Massive fireball: Light plane crashes into Australian shopping mall

Carla Harmon
February 23, 2017

The Australian Transport Safety Bureau had called the near-miss a "serious incident" in a summary. On board were an Australian, named as "seasoned pilot" Max Quartermain, and four U.S. tourists on their way to play golf at King Island, who have not been formally identified. He co-founded the law firm Munsch Hardt and had recently retired after a almost 40-year career. "Our deepest sympathies and thoughts are with his family during this hard time".

Four Americans were on board the twin-engine Beechcraft Super King Air plane, the U.S. State Department said in a statement. Greg Reynolds De Haven and Russell Munsch, both from Texas, have been identified by their families on social media as two of the victims, according to the Associated Press.

Although the cause of the crash has not been determined yet, Victoria police superintendent Mick Frewen said investigations centred on a "catastrophic engine failure".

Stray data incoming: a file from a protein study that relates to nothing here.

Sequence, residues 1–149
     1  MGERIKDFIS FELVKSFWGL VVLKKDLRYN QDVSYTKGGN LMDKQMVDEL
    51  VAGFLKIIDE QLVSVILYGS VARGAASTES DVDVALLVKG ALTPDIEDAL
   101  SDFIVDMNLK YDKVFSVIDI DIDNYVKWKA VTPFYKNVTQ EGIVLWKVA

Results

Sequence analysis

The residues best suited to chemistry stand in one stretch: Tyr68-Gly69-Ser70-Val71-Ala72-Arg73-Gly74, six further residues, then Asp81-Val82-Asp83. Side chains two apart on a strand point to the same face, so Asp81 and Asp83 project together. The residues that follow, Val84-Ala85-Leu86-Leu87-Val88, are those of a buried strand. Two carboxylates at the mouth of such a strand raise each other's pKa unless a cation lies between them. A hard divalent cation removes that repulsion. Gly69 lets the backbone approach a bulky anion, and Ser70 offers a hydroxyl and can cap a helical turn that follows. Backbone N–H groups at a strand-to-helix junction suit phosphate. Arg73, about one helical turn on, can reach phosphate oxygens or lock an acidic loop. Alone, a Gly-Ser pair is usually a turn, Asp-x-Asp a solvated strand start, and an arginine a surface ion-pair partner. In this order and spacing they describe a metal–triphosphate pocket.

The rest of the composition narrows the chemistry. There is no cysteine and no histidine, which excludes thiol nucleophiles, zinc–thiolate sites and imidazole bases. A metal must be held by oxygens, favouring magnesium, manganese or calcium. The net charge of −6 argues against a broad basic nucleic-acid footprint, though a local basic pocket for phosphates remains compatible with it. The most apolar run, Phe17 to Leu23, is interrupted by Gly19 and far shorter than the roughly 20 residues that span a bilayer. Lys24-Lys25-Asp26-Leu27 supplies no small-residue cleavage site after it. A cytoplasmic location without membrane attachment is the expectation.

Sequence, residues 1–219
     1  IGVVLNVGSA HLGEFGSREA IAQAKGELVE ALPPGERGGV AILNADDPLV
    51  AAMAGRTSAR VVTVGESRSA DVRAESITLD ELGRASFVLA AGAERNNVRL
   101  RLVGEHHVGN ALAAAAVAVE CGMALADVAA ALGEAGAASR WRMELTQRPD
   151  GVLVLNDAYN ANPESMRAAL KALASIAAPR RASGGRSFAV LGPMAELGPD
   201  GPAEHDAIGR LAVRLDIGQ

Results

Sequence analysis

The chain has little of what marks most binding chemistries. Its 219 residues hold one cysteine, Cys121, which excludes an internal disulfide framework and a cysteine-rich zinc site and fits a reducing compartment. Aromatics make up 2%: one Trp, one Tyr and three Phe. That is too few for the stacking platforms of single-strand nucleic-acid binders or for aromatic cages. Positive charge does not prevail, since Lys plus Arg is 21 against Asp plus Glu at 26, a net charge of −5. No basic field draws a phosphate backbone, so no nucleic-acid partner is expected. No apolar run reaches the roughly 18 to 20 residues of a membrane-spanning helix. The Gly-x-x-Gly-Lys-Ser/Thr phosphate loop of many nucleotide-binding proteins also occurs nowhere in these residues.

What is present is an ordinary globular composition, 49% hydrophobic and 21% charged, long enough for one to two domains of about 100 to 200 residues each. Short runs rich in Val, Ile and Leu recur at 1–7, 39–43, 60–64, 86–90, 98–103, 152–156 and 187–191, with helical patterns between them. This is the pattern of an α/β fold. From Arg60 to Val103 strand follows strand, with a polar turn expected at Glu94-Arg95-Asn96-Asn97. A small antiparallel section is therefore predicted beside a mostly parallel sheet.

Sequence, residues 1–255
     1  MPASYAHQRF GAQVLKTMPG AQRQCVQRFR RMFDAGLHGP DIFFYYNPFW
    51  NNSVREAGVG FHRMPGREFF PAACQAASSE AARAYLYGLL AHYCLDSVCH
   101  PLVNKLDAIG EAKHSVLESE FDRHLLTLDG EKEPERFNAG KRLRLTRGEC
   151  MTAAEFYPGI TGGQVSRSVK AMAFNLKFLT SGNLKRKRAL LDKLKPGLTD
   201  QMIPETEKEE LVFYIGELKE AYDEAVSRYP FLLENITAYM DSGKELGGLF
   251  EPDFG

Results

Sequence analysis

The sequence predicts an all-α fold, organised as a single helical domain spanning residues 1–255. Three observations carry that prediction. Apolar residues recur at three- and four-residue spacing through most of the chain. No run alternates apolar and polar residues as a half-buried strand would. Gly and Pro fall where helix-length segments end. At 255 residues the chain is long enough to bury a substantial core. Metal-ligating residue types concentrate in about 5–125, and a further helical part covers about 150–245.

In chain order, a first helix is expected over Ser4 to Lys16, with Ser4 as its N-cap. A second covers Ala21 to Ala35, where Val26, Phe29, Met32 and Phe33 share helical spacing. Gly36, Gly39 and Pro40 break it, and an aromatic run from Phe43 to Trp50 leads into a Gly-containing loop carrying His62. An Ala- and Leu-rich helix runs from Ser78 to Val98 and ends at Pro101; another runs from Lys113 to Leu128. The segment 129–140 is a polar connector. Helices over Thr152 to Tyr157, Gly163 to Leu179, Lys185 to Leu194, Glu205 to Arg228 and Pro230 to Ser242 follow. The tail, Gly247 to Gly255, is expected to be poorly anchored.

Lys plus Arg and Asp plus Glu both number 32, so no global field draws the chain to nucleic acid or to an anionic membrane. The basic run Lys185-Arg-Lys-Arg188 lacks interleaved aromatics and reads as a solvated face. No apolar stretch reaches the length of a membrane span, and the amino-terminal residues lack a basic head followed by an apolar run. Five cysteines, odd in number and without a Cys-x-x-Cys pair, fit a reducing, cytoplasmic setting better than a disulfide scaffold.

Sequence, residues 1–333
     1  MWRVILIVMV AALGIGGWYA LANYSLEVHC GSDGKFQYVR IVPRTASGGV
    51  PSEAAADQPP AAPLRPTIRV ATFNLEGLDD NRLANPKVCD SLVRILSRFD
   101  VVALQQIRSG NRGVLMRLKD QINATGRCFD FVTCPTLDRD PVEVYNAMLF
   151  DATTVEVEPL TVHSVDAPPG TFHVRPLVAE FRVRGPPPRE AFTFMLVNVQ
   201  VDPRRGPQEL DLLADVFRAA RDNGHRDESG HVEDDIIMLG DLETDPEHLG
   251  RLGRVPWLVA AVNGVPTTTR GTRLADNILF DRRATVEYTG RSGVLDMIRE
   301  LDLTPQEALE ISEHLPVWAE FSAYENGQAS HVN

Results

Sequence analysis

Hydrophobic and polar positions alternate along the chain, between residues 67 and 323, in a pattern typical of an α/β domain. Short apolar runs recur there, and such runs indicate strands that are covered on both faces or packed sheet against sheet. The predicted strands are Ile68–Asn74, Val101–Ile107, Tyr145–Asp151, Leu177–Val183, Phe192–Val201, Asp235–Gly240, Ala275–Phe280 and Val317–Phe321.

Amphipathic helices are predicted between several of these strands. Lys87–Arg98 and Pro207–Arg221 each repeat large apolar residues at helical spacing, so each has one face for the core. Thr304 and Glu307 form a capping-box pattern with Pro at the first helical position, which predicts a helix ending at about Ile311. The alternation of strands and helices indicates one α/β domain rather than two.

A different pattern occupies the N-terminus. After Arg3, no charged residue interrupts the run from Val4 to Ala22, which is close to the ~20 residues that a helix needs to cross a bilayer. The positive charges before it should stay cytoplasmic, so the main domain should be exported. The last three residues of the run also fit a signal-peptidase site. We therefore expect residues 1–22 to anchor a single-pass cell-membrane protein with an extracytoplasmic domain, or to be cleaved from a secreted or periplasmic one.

On July 10, 1978 a light plane crashed into houses near Essendon Airport, while one person died in a mid-air collision at Moorabbin Airport in 2002.


Witnesses said the plane appeared to be coming in low and fast before they saw an explosion at the mall, which the plane hit the back of, sending parts of the plane landed as far as the Tullamarine Freeway, on the opposite side of the shopping center. "She said he was on a "'once in a lifetime' trip to Australia" and was on "on a charter flight with 2 of his friends to play golf".

Garland, the former chief executive officer of the energy consulting company CLEAResult, was overseas on a golfing tour.

Mr Quartermain owned the Essendon-based Corporate and Leisure Aviation company and had been a pilot for 38 years.

Police Assistant Commissioner Stephen Leane also declined to say whether the four passengers were Americans.


Tuesday's doomed flight left the runway just before 9am.

An investigation summary into the incident reported that low clouds had made conditions hard and were responsible for the plane having "tracking difficulties" on its approach to Mount Hotham. Witnesses say they say a fireball rise into the sky.

All five people onboard died in the crash, described as "the worst civil aviation accident that our state has seen for 30 years" by Victoria Prime Minister Daniel Andrews.


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